9:39 a.m.

    The author suggests that the new rules won’t harm the economy. That isn’t a maths mistake, that is just a lie.

    • Steven Dennis

      June 3, 2014
      10:41 a.m.

      I’m the author. Where are you getting that?

      • ShadrachSmith

        June 3, 2014
        11:45 a.m.

        Gosh, but I try to be obvious. I mean that it is a logical fallacy to argue that because one objection to the new EPA rules has maths errors; therefore, the new EPA rules must be good.

        You imply, without evidence, that the new rules are good for the economy…which they aren’t. Was that an accident?

        Cool shades :-)

        • Steven Dennis

          June 3, 2014
          11:49 a.m.

          The article implies no such thing.

          • ShadrachSmith

            June 3, 2014
            11:50 a.m.

            It does to me. Since we have opened the question, what is your opinion (good or bad) about the new EPA rules?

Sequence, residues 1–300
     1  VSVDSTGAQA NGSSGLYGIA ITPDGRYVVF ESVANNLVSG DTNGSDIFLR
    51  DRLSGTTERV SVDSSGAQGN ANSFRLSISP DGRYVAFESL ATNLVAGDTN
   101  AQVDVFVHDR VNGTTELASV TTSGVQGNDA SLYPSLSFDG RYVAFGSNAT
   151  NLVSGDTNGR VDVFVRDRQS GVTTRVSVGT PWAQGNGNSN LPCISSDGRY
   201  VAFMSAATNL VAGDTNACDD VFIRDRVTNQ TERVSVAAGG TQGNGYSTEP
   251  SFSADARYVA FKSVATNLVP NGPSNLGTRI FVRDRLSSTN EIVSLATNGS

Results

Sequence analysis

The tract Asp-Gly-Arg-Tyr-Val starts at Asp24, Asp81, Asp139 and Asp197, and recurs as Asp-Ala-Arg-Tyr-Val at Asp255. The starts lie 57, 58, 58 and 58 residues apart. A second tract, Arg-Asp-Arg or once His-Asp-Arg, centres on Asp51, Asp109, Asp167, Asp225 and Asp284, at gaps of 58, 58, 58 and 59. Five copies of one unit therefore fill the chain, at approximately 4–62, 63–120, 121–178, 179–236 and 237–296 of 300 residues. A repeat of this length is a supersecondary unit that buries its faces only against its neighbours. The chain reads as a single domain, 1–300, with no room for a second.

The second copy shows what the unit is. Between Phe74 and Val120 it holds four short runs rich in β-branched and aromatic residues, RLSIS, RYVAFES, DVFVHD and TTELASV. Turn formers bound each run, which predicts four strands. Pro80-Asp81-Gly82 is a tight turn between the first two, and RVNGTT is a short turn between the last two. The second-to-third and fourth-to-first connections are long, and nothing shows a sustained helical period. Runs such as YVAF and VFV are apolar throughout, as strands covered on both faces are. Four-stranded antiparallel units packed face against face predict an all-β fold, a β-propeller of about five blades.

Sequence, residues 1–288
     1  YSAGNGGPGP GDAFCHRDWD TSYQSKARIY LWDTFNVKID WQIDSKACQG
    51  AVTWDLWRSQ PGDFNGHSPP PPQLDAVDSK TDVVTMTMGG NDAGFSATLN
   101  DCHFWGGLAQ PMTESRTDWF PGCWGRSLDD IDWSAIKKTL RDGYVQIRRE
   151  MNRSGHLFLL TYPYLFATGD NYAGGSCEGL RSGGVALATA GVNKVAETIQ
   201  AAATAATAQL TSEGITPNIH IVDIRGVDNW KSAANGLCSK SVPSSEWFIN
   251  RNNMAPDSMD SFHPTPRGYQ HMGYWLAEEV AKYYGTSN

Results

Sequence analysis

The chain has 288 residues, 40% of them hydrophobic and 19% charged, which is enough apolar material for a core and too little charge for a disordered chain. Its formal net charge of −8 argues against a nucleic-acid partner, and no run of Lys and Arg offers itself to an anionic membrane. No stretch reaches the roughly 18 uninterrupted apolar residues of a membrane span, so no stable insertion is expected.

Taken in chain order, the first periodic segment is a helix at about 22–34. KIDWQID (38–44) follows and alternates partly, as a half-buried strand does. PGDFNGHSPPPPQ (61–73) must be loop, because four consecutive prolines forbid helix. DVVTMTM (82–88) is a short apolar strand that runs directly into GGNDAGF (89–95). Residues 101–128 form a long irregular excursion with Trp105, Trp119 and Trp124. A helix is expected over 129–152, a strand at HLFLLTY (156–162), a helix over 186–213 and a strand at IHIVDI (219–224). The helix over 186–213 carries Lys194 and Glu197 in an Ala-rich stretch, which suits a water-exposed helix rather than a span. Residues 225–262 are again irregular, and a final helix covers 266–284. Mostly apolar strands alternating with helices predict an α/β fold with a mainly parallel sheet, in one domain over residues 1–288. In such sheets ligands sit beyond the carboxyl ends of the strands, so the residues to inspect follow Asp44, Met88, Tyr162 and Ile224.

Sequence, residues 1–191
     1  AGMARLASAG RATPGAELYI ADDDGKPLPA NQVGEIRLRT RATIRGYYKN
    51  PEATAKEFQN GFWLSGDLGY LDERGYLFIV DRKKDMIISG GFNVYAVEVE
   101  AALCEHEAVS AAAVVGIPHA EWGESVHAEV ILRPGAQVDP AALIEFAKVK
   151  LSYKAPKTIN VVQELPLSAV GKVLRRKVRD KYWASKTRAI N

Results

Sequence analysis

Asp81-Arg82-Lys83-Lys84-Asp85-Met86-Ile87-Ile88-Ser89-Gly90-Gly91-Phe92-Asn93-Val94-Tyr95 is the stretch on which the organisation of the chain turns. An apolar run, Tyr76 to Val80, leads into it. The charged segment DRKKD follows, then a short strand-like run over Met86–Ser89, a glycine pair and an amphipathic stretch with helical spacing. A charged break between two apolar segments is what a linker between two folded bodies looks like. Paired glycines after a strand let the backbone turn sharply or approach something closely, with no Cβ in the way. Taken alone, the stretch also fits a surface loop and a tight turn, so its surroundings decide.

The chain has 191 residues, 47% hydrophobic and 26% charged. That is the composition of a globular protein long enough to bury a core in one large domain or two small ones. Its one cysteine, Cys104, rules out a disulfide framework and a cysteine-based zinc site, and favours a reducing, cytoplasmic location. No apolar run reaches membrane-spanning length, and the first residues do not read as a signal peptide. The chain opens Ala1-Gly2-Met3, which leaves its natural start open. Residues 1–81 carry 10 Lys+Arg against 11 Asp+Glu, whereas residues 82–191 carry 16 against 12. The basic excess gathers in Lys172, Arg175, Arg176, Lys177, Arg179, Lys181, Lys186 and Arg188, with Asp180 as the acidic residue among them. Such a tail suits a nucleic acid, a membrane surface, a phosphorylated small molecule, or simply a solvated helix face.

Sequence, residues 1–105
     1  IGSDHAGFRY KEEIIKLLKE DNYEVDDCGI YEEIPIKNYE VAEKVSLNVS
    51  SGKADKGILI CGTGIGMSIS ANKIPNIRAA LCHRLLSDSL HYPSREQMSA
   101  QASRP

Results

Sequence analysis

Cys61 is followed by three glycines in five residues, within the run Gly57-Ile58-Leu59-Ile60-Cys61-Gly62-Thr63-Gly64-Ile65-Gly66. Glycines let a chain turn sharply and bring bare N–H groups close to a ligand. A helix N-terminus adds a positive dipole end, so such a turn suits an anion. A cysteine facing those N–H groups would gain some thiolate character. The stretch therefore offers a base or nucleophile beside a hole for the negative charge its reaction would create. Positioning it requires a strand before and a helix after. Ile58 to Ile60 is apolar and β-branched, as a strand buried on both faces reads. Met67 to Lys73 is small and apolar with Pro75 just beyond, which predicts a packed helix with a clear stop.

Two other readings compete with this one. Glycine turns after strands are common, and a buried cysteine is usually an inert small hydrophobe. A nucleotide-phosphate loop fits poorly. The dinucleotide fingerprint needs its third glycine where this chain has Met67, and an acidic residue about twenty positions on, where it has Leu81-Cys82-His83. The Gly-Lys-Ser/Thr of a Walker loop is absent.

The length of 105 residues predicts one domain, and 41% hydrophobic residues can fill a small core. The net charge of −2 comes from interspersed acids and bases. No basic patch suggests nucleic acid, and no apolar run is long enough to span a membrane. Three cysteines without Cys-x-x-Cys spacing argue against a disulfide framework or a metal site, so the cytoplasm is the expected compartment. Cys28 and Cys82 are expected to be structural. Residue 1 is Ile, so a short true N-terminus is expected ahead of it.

• Steven Dennis

            June 3, 2014
            11:53 a.m.

            Well then you misread the article. The point of the article is that Blunt’s office made a spectacular math fail and hasn’t corrected it. It’s not a debatable point. 2+2,000 does not equal 4. Whether you like or dislike the EPA rules — or think they help or hurt the economy — is for you to decide.

          • ShadrachSmith

            June 3, 2014
            12:07 p.m.

            And your rhetorical technique (assuming the facts are as you state them) is to ridicule a critic of the rules, and present Obama’s response as the conclusion. Dude, that is not objective commentary on the events of the day, that is partisan issue framing (See: Lakoff).